Akademisk kirke (ytrings og tankefrihed)

Akademia, Diverse, Historie, Videnskab, venstrefløjen — Drokles on April 26, 2014 at 8:39 pm

Dennis Prager skriver i Front Page Magazine

When Americans over the age of, let us say, 45, look at any of the iconic paintings of America’s Founders — the signing of the Declaration of Independence, the signing of the Constitution, George Washington crossing the Delaware, any of the individual portraits the Founders — what do they see?

They see great men founding a great country.

If you ask recent graduates of almost any American university what they see when they look at these paintings, chances are that they see something entirely different.

They are apt to see rich, white males who are not great and who did not found a great country. And for many, it is worse than that. These men are not only not great; they are morally quite flawed in that they were slaveholders and/or founded a country that allowed slavery. Moreover, they were not only all racists; they were all sexists, who restricted the vote to males. And they were rich men who were primarily concerned with protecting their wealth, which is why they restricted the vote to landowners.

In the past, Americans overwhelmingly saw pictures of greatness. Increasingly only conservatives see pictures of greatness. More and more Americans — that includes the entire left and many universities attendees who were indoctrinated by left-wing professors — now see rich, white, self-interested males.

The left-wing trinity of race, gender and class has prevailed.

Joanna Williams beskriver historien i denne trend i Spiked Online

[S]ince at least the 1960s, various trends in academia – particularly within the humanities and social sciences – have come together to challenge the assumption that truth claims can even be made in relation to knowledge. Theorists associated with the Frankfurt School, such as Theodor Adorno and Max Horkheimer, emphasised the temporality and context-dependence of truth in knowledge. Meanwhile, the New Left’s pet academic project, cultural studies, argued that knowledge was inescapably relative and determined by cultural conditions.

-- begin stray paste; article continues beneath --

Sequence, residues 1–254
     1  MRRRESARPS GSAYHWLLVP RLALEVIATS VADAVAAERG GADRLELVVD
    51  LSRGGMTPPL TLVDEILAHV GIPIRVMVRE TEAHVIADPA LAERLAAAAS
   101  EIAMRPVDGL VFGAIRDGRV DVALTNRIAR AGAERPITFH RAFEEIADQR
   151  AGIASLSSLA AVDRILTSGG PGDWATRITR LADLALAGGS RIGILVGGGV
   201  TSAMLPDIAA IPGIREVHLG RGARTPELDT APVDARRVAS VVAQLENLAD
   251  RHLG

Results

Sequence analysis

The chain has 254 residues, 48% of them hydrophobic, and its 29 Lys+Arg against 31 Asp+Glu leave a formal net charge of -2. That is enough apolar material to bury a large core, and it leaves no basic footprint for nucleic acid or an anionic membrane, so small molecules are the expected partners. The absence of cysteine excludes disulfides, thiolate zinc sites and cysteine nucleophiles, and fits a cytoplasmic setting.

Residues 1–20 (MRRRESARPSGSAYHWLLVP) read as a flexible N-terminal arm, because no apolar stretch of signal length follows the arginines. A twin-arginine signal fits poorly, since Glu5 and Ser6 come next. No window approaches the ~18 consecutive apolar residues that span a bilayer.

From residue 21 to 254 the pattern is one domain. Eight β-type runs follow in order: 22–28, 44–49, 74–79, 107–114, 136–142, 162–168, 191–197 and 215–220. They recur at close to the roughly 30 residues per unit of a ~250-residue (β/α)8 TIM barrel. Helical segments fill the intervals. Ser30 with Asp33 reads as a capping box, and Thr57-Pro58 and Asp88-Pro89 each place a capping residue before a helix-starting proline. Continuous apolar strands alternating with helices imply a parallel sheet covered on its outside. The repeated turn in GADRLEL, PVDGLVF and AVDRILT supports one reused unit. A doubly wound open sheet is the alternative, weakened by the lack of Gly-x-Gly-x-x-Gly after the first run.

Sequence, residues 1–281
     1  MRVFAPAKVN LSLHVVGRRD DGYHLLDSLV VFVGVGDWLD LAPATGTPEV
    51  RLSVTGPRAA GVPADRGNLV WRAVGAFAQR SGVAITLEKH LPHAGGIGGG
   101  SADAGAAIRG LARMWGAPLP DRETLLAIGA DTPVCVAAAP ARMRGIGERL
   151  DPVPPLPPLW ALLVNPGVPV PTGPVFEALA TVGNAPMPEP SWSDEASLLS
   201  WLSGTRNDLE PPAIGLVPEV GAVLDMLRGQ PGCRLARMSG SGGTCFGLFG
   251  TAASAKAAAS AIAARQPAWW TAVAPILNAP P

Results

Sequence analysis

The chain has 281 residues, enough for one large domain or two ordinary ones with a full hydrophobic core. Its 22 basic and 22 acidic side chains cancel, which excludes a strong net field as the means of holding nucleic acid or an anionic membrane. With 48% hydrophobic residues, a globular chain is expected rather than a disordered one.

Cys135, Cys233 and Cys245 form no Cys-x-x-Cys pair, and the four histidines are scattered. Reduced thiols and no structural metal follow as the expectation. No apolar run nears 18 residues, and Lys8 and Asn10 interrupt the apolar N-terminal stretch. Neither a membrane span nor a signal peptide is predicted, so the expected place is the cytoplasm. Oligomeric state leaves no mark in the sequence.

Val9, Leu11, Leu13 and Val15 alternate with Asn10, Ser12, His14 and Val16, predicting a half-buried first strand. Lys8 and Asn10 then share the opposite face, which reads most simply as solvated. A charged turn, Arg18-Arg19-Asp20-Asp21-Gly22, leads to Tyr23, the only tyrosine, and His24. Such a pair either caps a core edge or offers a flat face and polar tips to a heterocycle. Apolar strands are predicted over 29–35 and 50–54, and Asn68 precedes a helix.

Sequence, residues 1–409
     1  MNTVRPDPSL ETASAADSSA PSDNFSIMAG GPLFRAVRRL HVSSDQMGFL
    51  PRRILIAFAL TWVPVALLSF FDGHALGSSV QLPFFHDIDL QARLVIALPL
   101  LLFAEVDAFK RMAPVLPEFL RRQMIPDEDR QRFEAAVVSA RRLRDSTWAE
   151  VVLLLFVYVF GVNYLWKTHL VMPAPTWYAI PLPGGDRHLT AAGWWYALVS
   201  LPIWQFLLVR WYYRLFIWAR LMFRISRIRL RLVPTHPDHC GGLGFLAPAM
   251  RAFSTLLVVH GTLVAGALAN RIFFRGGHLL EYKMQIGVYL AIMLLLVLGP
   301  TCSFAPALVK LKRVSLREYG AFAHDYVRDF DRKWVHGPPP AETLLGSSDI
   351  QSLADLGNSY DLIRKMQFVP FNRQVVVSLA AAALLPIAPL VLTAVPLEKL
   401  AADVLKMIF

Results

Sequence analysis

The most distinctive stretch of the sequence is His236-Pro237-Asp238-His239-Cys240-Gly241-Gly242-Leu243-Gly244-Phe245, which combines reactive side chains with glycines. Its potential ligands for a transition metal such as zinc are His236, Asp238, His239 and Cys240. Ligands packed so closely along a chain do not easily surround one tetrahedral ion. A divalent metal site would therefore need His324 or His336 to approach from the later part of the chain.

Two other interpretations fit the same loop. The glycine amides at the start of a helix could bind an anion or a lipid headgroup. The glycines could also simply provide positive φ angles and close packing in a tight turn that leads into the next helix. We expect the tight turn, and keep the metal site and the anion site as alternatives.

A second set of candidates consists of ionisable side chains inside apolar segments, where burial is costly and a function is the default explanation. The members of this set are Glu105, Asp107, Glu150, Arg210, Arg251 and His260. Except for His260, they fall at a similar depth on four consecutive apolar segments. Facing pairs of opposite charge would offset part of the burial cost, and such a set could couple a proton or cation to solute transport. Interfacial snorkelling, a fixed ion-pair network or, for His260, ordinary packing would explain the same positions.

The new sociologists of education, who came to prominence in the 1970s with the publication of such books as Michael F D Young’s Knowledge and Control, posited that curricular knowledge merely reflected the ideology of the dominant social elite. The educational failure of many working-class children was thus blamed on the fact that their knowledge and experiences were not recognised as legitimate in the existing education system. Feminists of the time, likewise, challenged the very possibility of truth or objectivity in knowledge; key women’s studies textbooks argue that patriarchal assumptions are ‘built into what has been taken to be “knowledge”’. Postmodernism has gone even further, suggesting that all knowledge is merely constructed through discourse.

The argument that curricular knowledge is, to a degree, arbitrary and socially constructed, is well made. However, knowledge takes its objectivity precisely from the social conditions of its production – with new ideas born out of a particular time and place used to test and temper existing truth claims. However, this latter point has been lost today, with many academics assuming that knowledge is reducible to personal experience. Instead of testing the truth of existing knowledge, it’s argued that the notion of truth is itself an outdated concept. Instead, from this perspective, there are only multiple, equally valid truths which are all dependent on the status of the speaker’s social group. As Graham Good puts it in Humanism Betrayed, ‘objectivity and disinterest are dismissed as pretences concealing the motives of power’.

This intellectual relativism is most dominant in arts subjects, where the value of a text is no longer considered on its own terms but rather as a representation of the gender, class and race of the author. To counteract dominant ideologies and promote a concept of academic justice, new authors are included in the curriculum, not because of an objective evaluation of the merits of their work, but on the basis of the particular group they represent.

Den teolo.. ideologiske og teoretiske forvrængning af videnskabens væsen er ganske rigtig og også velbeskrevet. Men de falske værdiers fremmarch sker også som følge af fortrængningen af kristendommen. Det gamle udtryk at det var bedre at sidde på værtshuset og tænke på Gud end at sidde i kirken og tænke på værtshuset forudsætter en aktiv og levende kristendom. Men, som vi har frigjort os selv fra kristendommen er behovet for religion ikke blevet mindre. Vi har brug for værdier, vi har brug for moral, vi har brug for at kunne retfærdiggøre os selv. Disse nye værdier, der dyrkes i en hvilken som helst virksomhed, offentlig som privat og som altså også har fortrængt universiteternes og andre læreanstalters hovedopgave, er ad-hoc værdier. Intet andet en floskler af zeitgeist.

Og det er desværre ikke ikke harmløs velmenenhed, som vi kan se. Som vi er stoppet med at komme i kirken har vi også mistet evnen til at skelne religion fra virke. Nu nøjes vi ikke med at at tænke på Gud når vi sidder på værtshuse, nu indretter vi hele værtshuset i vores indbildte gudsbillede.

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